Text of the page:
As Go Girls, we frequently push boundaries- in our native cultures and in the places we visit- by demanding respect from the people we meet. We challenge the rules, written and unwritten, that put us in danger or are simply degrading. It isn’t enough, however, to change rules for approximately one half of the global population. We can demand respect all we want, but if “being a woman” (whatever the hell that means) continues to be a source of humiliation for men, then we’re still only second-rate. That not only hurts us as a broad category, but continues a cycle of gender discrimination that screws over trans and genderqueer folk too. As with any relationship, it takes two to tango; change needs to happen on both sides.
Pink toenails aren’t a lot, in the grand scheme of things. Nick’s gender-bending didn’t include a change of clothes or body language, and people who didn’t look at his feet missed the whole thing. Thankfully, he’s continued to enjoy the pink without making any mention of feeling inferior or emasculated. Ruth’s reaction spoke volumes though, because for a six-year-old, she knows an awful lot about her current and future place in the world.
To add some color commentary (har har) to my experience with pink toes…
– Erica omitted that the people working in the Salon didn’t think I was serious when I told them I wanted pink toes with panda bears on them. The woman who had done the rest of the pedicure had to come back and complete them after the fact. How often, I wonder, do males come for pedicures and joke about hot pink toes for them to assume I wasn’t serious?
– I have been asked twice if I have daughters. Both times pluralized.
– Most of the individuals who have commented on them have sought confirmation when I say that I “Won” the bet with the six year old that I meant to say “Won” and not “Lost”.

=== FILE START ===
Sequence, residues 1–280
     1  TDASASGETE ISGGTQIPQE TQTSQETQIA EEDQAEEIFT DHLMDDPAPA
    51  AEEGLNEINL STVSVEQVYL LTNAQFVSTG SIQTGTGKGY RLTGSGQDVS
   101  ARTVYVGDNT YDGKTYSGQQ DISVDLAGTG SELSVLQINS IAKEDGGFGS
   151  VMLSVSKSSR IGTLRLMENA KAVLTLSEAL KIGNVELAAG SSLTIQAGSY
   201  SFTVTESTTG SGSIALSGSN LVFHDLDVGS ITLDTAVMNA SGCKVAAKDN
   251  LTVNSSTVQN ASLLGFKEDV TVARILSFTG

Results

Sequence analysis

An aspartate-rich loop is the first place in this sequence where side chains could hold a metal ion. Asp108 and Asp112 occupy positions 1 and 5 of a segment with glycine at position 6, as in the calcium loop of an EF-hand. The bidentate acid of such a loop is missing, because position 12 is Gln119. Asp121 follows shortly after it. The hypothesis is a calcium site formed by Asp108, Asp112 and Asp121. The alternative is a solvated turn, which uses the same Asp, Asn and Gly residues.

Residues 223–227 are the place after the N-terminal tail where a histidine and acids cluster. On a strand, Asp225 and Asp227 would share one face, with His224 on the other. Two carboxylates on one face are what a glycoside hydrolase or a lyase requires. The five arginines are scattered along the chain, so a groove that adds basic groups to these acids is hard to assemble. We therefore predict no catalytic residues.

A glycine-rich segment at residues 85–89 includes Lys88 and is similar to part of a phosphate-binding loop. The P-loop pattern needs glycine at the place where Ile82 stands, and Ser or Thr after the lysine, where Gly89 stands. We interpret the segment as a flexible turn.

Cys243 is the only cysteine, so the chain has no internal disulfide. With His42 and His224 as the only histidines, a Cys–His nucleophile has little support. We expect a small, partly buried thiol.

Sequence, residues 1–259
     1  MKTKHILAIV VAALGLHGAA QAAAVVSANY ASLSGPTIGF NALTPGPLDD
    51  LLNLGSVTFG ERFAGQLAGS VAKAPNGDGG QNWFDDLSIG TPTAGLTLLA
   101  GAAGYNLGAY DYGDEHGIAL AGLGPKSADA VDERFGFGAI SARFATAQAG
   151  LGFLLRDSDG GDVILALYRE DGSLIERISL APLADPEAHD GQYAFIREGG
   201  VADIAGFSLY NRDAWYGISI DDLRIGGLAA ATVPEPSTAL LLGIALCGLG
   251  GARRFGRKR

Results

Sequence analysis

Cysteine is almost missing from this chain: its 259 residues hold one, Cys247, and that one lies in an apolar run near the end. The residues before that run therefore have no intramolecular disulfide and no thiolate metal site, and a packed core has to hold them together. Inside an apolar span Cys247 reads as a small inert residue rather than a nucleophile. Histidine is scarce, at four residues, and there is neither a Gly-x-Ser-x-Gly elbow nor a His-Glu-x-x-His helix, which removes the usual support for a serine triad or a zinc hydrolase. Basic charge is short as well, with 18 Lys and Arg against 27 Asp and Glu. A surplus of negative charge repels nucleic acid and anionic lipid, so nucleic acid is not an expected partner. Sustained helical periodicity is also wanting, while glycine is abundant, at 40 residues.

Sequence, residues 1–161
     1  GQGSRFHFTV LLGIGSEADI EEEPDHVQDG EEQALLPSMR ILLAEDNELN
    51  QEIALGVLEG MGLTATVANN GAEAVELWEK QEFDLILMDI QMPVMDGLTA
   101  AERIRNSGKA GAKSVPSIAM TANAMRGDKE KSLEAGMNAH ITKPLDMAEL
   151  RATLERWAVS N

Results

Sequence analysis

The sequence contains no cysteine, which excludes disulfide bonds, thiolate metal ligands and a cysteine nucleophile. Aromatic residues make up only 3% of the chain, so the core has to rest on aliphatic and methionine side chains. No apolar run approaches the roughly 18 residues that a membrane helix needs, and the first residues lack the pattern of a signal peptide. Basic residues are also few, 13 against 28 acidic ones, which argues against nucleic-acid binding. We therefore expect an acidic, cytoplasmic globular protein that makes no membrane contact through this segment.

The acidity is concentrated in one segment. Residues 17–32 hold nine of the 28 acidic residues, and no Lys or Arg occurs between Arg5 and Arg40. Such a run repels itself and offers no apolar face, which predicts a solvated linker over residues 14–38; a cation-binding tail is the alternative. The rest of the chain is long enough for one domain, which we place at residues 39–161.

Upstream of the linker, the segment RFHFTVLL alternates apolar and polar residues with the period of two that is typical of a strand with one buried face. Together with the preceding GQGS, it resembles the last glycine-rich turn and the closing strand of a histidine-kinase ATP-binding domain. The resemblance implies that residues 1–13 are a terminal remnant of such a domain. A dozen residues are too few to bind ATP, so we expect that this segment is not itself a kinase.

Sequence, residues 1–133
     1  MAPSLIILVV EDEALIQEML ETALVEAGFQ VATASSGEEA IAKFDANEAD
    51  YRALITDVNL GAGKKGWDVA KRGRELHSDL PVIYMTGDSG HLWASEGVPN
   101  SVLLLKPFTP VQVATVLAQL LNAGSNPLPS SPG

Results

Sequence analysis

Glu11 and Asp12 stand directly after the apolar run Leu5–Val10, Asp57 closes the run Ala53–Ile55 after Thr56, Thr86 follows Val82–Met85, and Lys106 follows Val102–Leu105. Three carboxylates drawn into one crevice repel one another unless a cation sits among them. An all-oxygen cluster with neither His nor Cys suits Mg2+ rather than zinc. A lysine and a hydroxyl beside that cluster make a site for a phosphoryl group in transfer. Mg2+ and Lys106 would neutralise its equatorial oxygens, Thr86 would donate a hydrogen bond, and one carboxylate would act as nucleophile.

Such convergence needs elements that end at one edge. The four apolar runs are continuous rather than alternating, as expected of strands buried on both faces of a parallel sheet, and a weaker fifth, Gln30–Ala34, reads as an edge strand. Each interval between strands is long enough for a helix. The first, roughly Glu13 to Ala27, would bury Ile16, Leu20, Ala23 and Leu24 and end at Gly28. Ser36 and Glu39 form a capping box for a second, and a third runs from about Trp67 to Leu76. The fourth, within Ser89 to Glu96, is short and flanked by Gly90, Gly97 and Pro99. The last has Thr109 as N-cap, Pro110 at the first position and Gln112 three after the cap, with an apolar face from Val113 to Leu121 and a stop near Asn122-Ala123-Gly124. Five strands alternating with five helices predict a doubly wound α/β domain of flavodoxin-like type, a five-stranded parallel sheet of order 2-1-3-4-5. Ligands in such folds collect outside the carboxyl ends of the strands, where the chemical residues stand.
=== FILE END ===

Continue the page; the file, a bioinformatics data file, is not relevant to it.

– One person stated that I must be comfortable with my sexuality to “allow” this to happen.
– One person (a male) said that my toes were “Baller”.
– Three women have commented that they are “Pretty”.
Honestly, the ultimate “good” outcome of this and potentially other future interactions with L (The six year old) from my perspective would be if she continues to encourage those she is associated with to bend such boundaries, but drops the bullying aspect. It’s fun to break the established rules periodically, whether or not your intent is to achieve large scale social change.
I see the pink toes in this case as a badge of honor, not as a detriment to my masculinity or anything else. I succeeded in making a kiddo laugh, and possibly challenged her assumptions about how the world works and what the ramifications of bending these boundaries are. These are all good things I am more than willing to suffer explaining the “bet” to many people for.
When I was in Haiti, a two year-old boy asked me if I could paint his fingernails while I was painting the nails of all the other little neighborhood girls. I did it without hesitation, and I don’t think I’ve ever seen how quickly his mom took that paint off (and Lord knows how she did it because she definitely didn’t have nail polish remover). Granted it’s a different culture, and considering that I was a little ashamed to not have asked her first, I was still struck by how clashing our ideals both were. Even at two years old, it was vital to show the boy that nail polish was NOT for him.